The implications of the Roe v. Wade draft decision are mammoth.
If the vote to overturn Roe v. Wade stands, it pushes the question of abortion back into the political process.
Illinois law would protect abortion rights, but the question of how lawmakers would tackle this thorniest of political issues at the federal level remains.
U.S. Rep. Jan Schakowsky, a Democrat from Evanston, says the majority of Americans do not want Roe v. Wade overturned.
“What the Supreme Court is doing is going against the will of the people,” Schakowsky said. “We have had Roe v. Wade for over half a century, almost … It was not the beginning of women having abortions, it was the end of women dying from abortions,” Schakowsky said.
U.S. Rep. Danny Davis, a Democrat from the Austin neighborhood, says congressional efforts are ongoing.
“We’re going to be pushing hard to convince the Senate that they need to follow suit,” Davis said. “The American people, many of us feel that we’ve been sucker punched by the Supreme Court getting ready to live with a decision that we have not lived with for a long time … We want women to have every right and every choice to determine their health needs and their health care,” Davis said.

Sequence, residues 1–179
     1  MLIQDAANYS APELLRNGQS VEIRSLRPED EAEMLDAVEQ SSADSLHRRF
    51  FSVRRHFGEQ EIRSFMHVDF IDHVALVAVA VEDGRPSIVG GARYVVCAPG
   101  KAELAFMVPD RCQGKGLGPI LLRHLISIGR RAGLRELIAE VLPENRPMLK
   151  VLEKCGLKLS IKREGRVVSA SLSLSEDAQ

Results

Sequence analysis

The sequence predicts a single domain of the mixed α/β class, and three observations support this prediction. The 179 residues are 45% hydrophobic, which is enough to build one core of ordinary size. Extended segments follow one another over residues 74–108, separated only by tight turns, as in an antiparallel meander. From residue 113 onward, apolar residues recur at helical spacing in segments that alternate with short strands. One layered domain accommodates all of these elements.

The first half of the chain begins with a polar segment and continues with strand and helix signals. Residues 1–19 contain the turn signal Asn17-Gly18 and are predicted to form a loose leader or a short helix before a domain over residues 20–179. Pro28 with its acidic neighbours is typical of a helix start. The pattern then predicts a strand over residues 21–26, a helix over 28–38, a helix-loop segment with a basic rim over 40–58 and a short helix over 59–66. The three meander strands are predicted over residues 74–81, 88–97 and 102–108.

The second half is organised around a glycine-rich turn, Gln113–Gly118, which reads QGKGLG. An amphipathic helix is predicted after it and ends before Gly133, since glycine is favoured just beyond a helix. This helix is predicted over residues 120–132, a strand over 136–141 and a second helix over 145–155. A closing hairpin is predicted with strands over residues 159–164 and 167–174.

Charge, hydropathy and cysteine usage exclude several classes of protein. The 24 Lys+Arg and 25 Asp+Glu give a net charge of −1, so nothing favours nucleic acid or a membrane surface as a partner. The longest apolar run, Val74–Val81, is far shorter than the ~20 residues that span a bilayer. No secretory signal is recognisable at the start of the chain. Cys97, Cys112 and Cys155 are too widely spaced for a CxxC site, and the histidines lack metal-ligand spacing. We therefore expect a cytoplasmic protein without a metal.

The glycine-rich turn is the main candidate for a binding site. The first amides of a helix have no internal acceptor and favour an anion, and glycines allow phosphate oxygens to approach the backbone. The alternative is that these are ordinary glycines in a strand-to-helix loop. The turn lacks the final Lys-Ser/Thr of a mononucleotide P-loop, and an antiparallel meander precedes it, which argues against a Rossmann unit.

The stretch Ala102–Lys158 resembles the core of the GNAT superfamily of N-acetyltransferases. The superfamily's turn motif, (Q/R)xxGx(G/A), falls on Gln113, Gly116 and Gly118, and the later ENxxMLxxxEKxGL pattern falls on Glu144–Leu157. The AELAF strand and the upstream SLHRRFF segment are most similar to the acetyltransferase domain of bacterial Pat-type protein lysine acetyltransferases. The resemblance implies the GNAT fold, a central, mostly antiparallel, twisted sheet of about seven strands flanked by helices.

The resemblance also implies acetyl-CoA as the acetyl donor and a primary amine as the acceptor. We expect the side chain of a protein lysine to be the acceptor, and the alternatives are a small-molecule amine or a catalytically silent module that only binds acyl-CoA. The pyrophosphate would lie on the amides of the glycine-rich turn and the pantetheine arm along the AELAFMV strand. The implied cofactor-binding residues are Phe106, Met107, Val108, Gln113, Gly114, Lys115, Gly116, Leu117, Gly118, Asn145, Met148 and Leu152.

Davis added that congress is getting closer and closer to eliminating the filibuster and possibly passing abortion-rights legislation.
“If eliminating the filibuster is the only way to make it happen, then let’s eliminate the filibuster and make it real,” Davis said.
In a statement, U.S. Rep. Rodney Davis, a Republican from Taylorville, said that he has long been advocating for an end to the Roe decision, and is concerned with the court’s abortion decision being leaked.
“It was wrong from the beginning, and I hope the Court’s pending decision empowers states to enact pro-life laws and protect the unborn ... I am deeply concerned by the fact this draft opinion was leaked. This is nothing more than an attempt to intimidate the justices on this case and sway their opinion. A leak of this magnitude must be condemned and, if warranted, investigated and prosecuted,” wrote Rodney Davis.
“Chicago Tonight” invited all Illinois’ Republican Congress members to the join our discussion, but none accepted.